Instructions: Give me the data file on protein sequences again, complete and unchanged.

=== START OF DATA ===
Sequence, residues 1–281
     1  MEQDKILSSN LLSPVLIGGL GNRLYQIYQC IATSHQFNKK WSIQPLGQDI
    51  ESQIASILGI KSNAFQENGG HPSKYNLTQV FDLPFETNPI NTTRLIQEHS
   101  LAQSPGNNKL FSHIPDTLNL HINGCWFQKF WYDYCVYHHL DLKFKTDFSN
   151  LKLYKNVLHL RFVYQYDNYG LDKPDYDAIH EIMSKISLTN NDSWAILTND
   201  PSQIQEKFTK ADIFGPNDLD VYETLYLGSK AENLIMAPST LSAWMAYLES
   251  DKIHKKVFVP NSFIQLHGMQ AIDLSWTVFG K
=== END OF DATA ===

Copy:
Sequence, residues 1–281
     1  MEQDKILSSN LLSPVLIGGL GNRLYQIYQC IATSHQFNKK WSIQPLGQDI
    51  ESQIASILGI KSNAFQENGG HPSKYNLTQV FDLPFETNPI NTTRLIQEHS
   101  LAQSPGNNKL FSHIPDTLNL HINGCWFQKF WYDYCVYHHL DLKFKTDFSN
   151  LKLYKNVLHL RFVYQYDNYG LDKPDYDAIH EIMSKISLTN NDSWAILTND
   201  PSQIQEKFTK ADIFGPNDLD VYETLYLGSK AENLIMAPST LSAWMAYLES
   251  DKIHKKVFVP NSFIQLHGMQ AIDLSWTVFG K